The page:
What to Watch This Week

  • U.S. Senate Majority Leader Mitch McConnell is expected today to release a $1 trillion pandemic relief proposal, kicking off talks with Democrats on provisions including money for people who've lost their jobs and protections for employers reopening their businesses.

  • House Democrats will get a much-anticipated chance to grill William Barr at a hearing tomorrow that likely will delve into the attorney general's role in some of the most consequential decisions of the Trump administration and his loyalty to the president.

  • German Finance Minister Olaf Scholz and Economy Minister Peter Altmaier will testify Wednesday in a special session of the Bundestag's finance committee as pressure grows over the collapse of Wirecard AG.

  • The U.K. has proposed strict new limits on junk-food advertising as ministers seek to control the country's growing obesity problem, which has been identified as a factor in coronavirus deaths.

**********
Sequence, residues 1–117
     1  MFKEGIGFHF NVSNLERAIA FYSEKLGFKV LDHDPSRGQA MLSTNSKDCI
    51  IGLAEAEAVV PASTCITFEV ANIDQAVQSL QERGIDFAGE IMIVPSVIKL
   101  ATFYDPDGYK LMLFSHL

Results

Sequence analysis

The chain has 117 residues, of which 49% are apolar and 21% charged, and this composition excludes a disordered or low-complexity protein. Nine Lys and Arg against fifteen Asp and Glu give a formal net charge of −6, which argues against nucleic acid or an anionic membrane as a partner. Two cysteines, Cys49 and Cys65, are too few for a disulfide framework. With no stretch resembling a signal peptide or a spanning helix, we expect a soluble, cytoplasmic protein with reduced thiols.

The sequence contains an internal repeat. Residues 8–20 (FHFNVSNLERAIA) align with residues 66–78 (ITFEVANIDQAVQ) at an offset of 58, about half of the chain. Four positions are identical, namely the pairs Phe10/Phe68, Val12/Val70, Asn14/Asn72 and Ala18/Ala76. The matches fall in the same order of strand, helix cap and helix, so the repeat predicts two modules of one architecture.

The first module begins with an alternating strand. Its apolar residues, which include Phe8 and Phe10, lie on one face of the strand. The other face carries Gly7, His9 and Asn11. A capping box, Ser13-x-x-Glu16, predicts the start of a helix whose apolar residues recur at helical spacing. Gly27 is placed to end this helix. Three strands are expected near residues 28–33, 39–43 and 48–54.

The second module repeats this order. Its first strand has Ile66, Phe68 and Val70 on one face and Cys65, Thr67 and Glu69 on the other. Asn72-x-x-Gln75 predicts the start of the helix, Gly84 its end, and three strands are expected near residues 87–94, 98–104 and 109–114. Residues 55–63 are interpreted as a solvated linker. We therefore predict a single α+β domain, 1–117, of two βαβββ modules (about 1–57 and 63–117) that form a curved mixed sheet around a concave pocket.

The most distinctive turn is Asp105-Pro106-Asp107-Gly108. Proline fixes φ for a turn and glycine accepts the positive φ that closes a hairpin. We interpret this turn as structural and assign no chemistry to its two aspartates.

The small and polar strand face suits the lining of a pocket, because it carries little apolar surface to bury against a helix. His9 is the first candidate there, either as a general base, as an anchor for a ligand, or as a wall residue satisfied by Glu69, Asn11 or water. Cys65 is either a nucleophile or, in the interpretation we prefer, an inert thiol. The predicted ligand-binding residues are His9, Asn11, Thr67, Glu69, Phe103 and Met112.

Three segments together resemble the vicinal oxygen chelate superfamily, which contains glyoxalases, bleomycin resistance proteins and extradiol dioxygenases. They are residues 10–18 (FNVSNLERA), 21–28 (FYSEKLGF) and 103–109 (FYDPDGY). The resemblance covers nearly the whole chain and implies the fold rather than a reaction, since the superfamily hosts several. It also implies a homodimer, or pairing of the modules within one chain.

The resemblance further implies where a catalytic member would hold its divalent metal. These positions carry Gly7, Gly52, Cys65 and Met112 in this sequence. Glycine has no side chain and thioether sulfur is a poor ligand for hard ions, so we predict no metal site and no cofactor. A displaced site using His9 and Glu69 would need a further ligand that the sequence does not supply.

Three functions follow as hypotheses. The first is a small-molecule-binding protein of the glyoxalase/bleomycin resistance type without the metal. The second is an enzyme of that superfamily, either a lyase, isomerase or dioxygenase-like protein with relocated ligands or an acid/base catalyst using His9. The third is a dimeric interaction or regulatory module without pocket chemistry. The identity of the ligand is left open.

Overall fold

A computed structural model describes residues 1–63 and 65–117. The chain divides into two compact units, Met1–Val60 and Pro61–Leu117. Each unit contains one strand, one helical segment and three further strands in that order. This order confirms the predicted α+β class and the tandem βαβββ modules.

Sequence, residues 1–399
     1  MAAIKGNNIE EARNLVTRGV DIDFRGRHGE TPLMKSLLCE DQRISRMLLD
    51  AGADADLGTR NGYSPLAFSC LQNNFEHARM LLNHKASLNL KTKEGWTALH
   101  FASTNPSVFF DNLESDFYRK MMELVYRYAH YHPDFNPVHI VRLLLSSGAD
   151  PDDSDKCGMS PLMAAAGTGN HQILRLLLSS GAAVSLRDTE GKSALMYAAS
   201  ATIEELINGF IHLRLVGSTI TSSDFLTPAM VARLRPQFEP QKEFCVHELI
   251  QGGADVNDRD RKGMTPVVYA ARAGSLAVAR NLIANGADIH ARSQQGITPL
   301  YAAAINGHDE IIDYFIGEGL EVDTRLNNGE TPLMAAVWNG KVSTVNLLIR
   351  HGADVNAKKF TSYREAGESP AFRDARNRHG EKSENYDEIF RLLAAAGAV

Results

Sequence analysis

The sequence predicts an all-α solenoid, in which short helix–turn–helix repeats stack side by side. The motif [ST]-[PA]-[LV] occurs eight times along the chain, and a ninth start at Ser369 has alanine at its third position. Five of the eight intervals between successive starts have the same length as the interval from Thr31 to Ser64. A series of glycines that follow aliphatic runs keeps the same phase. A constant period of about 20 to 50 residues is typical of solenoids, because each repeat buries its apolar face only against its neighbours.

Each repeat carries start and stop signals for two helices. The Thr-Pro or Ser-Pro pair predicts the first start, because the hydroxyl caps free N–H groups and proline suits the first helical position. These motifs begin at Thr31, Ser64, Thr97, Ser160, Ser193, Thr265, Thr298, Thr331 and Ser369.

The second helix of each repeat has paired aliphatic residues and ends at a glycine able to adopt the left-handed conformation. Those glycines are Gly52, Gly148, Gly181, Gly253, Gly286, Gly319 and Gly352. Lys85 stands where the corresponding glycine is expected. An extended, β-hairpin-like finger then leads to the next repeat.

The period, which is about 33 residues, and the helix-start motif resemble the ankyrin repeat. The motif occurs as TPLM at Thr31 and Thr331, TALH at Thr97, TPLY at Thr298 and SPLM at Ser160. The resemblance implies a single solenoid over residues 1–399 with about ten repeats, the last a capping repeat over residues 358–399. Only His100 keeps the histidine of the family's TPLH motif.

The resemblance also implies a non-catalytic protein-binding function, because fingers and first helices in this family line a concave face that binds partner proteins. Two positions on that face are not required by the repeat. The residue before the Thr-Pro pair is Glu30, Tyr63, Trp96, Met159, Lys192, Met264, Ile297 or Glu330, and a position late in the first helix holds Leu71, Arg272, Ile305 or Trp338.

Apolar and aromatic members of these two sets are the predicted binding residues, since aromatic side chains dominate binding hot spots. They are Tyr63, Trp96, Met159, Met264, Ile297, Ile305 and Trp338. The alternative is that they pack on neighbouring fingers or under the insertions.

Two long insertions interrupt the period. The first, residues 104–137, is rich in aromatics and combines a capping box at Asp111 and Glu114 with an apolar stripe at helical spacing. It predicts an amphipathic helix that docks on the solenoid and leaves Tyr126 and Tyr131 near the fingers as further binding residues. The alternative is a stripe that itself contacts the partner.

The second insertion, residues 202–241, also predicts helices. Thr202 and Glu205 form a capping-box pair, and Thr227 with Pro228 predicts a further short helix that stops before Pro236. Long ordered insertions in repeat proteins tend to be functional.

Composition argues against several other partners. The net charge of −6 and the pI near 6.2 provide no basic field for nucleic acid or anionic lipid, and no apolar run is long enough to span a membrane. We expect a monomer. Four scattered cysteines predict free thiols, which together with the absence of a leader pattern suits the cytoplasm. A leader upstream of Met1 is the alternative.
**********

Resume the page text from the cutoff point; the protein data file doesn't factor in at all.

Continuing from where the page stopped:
• Tanzanian opposition leader Tundu Lissu is set to return home from Europe to take part in presidential elections in October, three years after surviving an assassination attempt.

Thanks to all who responded to our pop quiz Friday and congratulations to Pavandip Singh, who correctly named Indonesia as the country where corpse stealing by family members is hampering efforts to slow the spread of Covid-19.

And finally ... When the virus struck nightclubs in Seoul, health officials dispatched crack teams of epidemiologists, database specialists and laboratory technicians to track down the infected. Heesu Lee reports on how the work of so-called Immediate Response Teams offers a look at how South Korea — once the second-worst hit by the coronavirus — has helped quell its spread without the lockdowns that have upended lives worldwide.

Workers spray disinfectant following a flare-up in the Itaewon neighborhood in Seoul on May 11.

Photographer: SeongJoon Cho/Bloomberg